I was very pleased to be able to try out Notting Hill Kitchen earlier this week – the Spanish/Portuguese restaurant that is home to an equally smart tapas and cocktail bar too – for some delicious Iberian cuisine.
Housed in a rather impressive building (once upon a time converted from three Edwardian townhouses, no less) on Kensington Park Road just south of Westbourne Grove, Notting Hill Kitchen is a very welcoming space, something that’s matched by the attentiveness and friendly nature of the staff. It’s the restaurant’s bar area that you come to first upon entering, somewhere where you can perch up on the stools around the bar or by the high tables to settle in for a night of cocktails and tapas. And that’s how we started our night!
Sampling some of the most popular choices from the tapas menu – the spider crab, mini lamb burger and the ham and sour dough – I also chose the Black Cherry Cocktail as an accompaniment for the full tapas ‘n’ drinks experience; I was rewarded with an expertly made cocktail that went perfectly with our tapas.
All the tapas options are presented on rather smart black slates, making eating here a rather sleek affair! First to arrive was the spider crab in brioche buns which, with their rather round shape, were almost reminiscent of whoopee pies in presentation. Succulent chilled crab sandwiched in-between soft rolls – were this not tapas, I could have happily eaten more of these. In fact, it was only out of politeness that I stopped myself from devouring these whole, instead slicing them up politely. Next to arrive was the mac abrito (lamb mini-burger) which came as a decently sized burger patty with toppings of cucumber and coriander, complementing it well. Finally, we rounded things off with the tiborna, thin slices of ham draped over a half moon shape toasted sourdough slice, with bone marrow and a drizzle of truffle oil. In many ways, this felt like the most authentic tapas option we tried – I could imagine eating this perched at some seaside bar in Spain having a cold cerveza and watching the world go by.
We then moved on to sit in the restaurant proper, which we had already snuck a few glances at from our position in the bar. Although you can see the expansive space from outside, it’s still a surprise to see quite how large the restaurant area is once you enter. With muted greens, little decorative touches in and around the tables and plenty of wood detail throughout, it’s a relaxed but joyful setting for a meal.
Having already enjoyed the tapas a little too much, we skipped starters and went straight for mains. (Tapas options are also available as a starter in the restaurant proper.) I opted for the bacalhau com caldeirada – slow cooked cod – whilst my dining partner chose the mano a mano, confit pork cheek and ox tail, which was wonderfully presented with large roasted red onion slices and parsnip crisps. Pleasingly – unlike so many other places these days – mains do come with a decent side offering on the plate too, although there is of course a small selection of proper side dishes available as well.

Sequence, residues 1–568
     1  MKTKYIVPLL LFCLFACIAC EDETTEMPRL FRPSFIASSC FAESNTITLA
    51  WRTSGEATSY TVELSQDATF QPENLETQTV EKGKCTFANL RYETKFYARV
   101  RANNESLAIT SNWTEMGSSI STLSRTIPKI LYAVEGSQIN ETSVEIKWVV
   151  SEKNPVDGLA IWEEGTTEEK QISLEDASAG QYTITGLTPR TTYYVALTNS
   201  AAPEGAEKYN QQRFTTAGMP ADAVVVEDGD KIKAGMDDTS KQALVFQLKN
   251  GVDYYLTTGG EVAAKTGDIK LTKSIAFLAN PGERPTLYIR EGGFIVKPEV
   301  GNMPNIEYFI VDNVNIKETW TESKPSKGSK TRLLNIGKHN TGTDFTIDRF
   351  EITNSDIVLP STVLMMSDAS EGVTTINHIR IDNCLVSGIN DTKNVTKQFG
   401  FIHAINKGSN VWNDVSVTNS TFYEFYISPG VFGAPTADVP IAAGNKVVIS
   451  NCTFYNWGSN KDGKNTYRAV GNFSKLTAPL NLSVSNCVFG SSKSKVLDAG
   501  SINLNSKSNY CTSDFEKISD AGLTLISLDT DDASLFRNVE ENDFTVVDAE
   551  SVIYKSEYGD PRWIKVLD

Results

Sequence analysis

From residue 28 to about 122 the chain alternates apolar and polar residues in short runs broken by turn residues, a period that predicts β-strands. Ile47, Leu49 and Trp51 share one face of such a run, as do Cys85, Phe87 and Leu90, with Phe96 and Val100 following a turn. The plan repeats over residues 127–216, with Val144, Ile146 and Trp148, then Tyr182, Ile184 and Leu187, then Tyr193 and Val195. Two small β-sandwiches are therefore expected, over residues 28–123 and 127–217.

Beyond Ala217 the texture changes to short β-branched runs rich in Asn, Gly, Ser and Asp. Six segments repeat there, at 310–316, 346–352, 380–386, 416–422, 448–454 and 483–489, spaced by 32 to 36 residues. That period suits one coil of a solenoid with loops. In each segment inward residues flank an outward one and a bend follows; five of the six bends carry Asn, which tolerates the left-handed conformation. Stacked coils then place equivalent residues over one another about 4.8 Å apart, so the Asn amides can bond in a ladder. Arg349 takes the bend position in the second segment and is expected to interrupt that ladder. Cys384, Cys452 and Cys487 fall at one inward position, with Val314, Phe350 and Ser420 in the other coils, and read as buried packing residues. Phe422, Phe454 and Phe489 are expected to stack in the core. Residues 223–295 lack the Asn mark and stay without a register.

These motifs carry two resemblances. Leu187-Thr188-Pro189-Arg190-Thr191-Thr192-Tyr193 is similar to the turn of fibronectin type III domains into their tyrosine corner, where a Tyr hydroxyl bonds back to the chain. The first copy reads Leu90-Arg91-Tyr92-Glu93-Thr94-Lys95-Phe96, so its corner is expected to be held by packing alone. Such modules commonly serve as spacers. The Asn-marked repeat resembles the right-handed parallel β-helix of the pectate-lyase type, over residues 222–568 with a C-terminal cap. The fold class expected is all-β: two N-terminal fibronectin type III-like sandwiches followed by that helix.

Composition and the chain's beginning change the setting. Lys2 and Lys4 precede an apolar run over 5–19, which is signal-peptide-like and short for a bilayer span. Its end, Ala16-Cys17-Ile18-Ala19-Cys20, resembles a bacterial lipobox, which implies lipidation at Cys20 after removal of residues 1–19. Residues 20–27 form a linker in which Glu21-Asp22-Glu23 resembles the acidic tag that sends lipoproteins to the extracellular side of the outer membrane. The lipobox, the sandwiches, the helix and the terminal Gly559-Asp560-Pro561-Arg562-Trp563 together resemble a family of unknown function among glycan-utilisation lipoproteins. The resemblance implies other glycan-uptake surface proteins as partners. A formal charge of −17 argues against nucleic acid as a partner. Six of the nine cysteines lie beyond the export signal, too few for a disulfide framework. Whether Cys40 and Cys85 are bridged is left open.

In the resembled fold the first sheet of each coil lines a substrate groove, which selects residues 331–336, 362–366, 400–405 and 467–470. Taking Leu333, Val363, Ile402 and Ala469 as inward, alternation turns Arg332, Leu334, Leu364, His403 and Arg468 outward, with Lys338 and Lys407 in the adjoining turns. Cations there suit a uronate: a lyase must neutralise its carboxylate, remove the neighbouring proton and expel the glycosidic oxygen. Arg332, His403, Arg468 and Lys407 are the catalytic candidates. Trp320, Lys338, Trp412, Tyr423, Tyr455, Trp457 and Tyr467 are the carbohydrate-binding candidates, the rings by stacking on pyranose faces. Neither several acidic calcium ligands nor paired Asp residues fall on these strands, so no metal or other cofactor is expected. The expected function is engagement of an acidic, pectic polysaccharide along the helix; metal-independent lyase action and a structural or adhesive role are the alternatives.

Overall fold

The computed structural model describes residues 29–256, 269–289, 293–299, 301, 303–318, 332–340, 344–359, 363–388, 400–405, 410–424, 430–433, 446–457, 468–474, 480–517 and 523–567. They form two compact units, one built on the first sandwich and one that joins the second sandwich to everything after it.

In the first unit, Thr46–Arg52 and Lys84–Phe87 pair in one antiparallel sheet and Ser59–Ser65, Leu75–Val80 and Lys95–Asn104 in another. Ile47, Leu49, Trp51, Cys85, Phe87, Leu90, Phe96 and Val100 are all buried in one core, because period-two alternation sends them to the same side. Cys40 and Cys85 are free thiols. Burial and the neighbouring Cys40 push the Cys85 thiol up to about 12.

My cod was wonderfully tender and fell apart easily when eating, its slow cooked nature really apparent. Caldeirada is a Portuguese fish stew, so the cod was set in a kind of broth that provided a delicate hint of the traditional dish. The side of kale – in sheep butter – was a welcoming ‘green’ on the plate and worked well with fish; rounding things off was the potato puree, presented in its own little pot, which helped soak up the juices and gave the whole dish a hearty and comforting impression. My choice of wine – a glass of crisp Portuguese Azeo wine – turned out to be a very fine tipple to have alongside this main.
Dessert? How could we could refuse? (In actual fact, we did have to be persuaded – but only because we were happily full by this point!) I had to ask what the pastel de nata was – it turns out that this is the traditional Portuguese egg tart, perhaps most commonly presented in a flaky pastry cup. By pure coincidence, I had picked one up at a Portuguese-run cafe in North London the day before (and thoroughly enjoyed it!); the thought of trying Notting Hill Kitchen’s deconstructed version was too tempting to not choose this dessert! This version was like a custard slice with a small delicate piece of pastry in the middle, and came with the usual pastel de nata accompaniment of cinnamon, here in ice-cream form, along with a few select choices of fruit. A reasonably light but oh-so-tasty choice to round up a very delicious meal.
All in all, a very enjoyable evening in a supremely sleek and comfortable setting in Notting Hill. I’d certainly recommend Notting Hill Kitchen as a option for dinner in W11, or for cocktails and tapas in their stylish bar. They also have a very tempting set lunch menu, and I can certainly imagine a weekend brunch here would be fantastic!
Notting Hill Kitchen
92 Kensington Park Road
Disclaimer: The Guide to Notting Hill was invited to dine at Notting Hill Kitchen, but was not required to write a positive review. We thank Notting Hill Kitchen for their kind invitation!